Best known for his relentless at-bats and gritty style of play, Kevin Youkilis announced his retirement from baseball on Thursday.
Youkilis, who played in Japan last season, made his announcement through his agency. Pro Star Management tweeted on Thursday afternoon: "15-yr client, Kevin Youkilis, after deep thought about family and health, is calling it a career. Been a great one! Love ya, Youk. #YOOOUUUK."
The 35-year-old Youkilis spent most of his 10-year career with the Red Sox, playing for the club's World Series championship teams in 2004 and '07.
A rookie reserve on the 2004 team, Youkilis was a core member by the time the Red Sox won it all in '07.
The best season Youkilis had was 2008, when he hit .312 with 29 homers, 115 RBIs and a .390/.569/.958 slash line, finishing third in the American League Most Valuable Player Award voting. Youkilis was the AL's Hank Aaron Award recipient in '08.
Youkilis was a three-time AL All-Star (2008, '09 and '11) and won an AL Gold Glove Award at first base in 2007. He finished sixth in the 2009 AL MVP Award voting. One of the most valuable traits Youkilis had was his defensive versatility, as he had the ability to seamlessly move from first to third base, something that often helped the Red Sox be more flexible in the offseason.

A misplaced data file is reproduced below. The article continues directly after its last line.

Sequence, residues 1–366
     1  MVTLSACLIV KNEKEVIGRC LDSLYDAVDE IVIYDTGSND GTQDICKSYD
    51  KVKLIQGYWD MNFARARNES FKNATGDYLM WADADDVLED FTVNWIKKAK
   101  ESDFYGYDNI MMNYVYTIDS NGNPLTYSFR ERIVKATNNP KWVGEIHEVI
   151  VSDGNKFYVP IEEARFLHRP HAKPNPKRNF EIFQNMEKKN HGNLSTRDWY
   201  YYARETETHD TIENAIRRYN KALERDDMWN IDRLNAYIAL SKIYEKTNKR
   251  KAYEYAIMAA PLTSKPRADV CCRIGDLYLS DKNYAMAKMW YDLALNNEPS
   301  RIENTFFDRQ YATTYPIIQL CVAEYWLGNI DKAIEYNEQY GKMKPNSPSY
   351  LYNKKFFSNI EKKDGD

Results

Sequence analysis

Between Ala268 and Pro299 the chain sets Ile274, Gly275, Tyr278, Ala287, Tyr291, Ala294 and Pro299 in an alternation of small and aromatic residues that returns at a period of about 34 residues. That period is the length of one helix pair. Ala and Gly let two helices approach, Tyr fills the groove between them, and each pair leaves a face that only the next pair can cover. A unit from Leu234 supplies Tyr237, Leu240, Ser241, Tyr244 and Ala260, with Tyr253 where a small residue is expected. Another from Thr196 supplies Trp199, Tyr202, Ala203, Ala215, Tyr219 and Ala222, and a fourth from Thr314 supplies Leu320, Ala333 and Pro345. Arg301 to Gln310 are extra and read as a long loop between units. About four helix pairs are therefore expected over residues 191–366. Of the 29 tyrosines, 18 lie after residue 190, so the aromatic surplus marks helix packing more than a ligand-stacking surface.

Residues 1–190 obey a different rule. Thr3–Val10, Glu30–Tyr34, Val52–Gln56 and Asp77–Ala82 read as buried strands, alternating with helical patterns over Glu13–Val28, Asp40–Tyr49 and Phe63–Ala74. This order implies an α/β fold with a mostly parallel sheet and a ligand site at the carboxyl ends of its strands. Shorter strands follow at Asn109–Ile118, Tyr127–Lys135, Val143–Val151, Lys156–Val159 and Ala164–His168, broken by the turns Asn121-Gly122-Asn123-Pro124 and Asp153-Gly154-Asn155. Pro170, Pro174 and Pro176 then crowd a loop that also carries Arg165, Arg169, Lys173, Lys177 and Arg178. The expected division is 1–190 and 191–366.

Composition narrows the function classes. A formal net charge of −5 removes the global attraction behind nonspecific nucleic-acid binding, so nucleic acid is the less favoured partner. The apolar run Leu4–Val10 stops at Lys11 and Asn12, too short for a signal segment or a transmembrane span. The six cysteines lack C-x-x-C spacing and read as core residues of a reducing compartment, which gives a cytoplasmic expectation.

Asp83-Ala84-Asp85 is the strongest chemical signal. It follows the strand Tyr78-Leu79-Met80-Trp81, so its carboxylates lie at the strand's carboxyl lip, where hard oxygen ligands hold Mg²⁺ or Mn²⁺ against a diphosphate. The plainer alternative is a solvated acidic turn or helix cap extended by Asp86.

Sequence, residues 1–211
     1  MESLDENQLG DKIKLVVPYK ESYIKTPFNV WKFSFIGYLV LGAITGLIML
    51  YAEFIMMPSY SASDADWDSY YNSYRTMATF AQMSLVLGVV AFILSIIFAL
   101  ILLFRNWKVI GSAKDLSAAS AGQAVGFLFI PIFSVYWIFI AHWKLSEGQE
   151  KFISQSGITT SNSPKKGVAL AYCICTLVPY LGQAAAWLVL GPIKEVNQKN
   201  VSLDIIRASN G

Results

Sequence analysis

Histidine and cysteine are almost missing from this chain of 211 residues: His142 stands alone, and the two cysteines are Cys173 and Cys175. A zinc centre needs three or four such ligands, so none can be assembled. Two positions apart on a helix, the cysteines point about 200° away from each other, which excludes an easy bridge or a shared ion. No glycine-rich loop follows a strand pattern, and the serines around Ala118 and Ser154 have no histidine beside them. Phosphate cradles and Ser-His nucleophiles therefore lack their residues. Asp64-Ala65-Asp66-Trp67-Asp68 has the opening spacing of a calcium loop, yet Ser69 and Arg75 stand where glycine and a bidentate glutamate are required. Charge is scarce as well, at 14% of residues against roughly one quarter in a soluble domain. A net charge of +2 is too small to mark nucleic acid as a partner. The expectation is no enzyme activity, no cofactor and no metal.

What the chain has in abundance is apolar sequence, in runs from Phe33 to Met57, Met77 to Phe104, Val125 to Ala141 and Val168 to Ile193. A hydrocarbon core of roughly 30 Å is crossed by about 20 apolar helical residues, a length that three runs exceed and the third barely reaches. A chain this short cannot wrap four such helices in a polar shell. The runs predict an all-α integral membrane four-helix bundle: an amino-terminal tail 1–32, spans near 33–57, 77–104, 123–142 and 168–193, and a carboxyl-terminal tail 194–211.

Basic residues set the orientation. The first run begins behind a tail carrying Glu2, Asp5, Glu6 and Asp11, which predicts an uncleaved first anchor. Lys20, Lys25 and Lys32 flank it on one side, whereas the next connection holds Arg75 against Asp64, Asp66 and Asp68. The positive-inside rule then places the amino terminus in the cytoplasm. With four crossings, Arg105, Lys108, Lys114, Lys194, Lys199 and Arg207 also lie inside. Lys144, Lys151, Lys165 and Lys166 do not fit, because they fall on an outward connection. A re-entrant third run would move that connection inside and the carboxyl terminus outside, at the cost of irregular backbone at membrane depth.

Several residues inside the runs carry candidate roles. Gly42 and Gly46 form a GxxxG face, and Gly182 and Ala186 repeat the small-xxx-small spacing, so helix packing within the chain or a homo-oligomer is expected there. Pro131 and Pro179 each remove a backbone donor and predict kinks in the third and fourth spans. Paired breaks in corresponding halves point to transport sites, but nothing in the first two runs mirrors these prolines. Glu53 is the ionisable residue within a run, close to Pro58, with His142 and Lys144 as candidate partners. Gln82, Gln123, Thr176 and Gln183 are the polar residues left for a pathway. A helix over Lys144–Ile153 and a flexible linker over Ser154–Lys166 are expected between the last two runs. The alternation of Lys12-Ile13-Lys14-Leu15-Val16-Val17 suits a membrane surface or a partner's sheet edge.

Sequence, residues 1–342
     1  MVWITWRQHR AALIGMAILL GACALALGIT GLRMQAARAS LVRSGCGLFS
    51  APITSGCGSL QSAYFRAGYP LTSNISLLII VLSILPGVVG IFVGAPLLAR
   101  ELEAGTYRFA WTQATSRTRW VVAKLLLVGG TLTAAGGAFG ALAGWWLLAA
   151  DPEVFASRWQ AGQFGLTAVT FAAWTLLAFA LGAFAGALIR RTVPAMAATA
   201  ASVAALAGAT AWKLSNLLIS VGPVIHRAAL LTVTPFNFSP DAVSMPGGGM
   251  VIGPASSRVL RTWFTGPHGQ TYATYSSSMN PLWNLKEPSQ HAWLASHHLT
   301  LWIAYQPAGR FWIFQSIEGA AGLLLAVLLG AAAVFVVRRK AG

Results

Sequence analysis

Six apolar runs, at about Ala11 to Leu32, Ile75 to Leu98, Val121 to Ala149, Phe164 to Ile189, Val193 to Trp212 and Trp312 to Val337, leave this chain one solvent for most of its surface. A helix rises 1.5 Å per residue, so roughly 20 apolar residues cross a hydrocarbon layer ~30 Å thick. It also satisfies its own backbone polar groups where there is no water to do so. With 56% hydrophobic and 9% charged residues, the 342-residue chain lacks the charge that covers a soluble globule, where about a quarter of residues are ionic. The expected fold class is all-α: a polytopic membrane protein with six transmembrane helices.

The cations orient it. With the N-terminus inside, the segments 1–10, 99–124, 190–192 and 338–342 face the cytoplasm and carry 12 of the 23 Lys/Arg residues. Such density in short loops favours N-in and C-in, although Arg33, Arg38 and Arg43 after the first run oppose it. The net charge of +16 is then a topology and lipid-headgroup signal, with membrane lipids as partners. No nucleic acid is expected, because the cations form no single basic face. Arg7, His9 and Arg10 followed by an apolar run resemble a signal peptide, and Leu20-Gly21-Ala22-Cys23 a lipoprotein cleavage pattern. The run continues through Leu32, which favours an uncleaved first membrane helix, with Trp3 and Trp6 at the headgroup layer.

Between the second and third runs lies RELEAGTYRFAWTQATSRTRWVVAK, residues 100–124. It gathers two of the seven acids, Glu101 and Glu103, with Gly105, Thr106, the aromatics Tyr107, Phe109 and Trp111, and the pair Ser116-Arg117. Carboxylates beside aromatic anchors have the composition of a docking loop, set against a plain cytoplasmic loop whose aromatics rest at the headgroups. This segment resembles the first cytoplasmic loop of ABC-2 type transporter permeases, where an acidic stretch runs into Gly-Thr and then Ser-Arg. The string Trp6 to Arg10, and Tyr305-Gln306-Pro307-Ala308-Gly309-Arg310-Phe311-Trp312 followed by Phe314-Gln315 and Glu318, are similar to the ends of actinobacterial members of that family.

Youkilis was traded from the Red Sox to the White Sox in the middle of a game at Fenway Park in June 2012, and he belted a triple in his last at-bat with Boston. When Youkilis was removed for a pinch-runner, the crowd at Fenway Park erupted with applause for the longtime fan favorite.
In Boston, Youkilis was simply known as "Yooouuuk." Through the book and subsequent movie "Moneyball," Youkilis was referred to as the "Greek God of Walks," a disciplined hitter whom Athletics general manager Billy Beane obsessed over but never acquired.
The final stop in the Major Leagues for Youkilis was an injury-plagued 2013 season with the Yankees.
The Cincinnati native spent the 2014 season with the Rakuten Golden Eagles of the Japan Pacific League, where he hit .215 with one homer with 11 RBIs in 21 games before again being shut down due to injuries.
Ian Browne is a reporter for MLB.com. Read his blog, Brownie Points, and follow him on Twitter @IanMBrowne. This story was not subject to the approval of Major League Baseball or its clubs.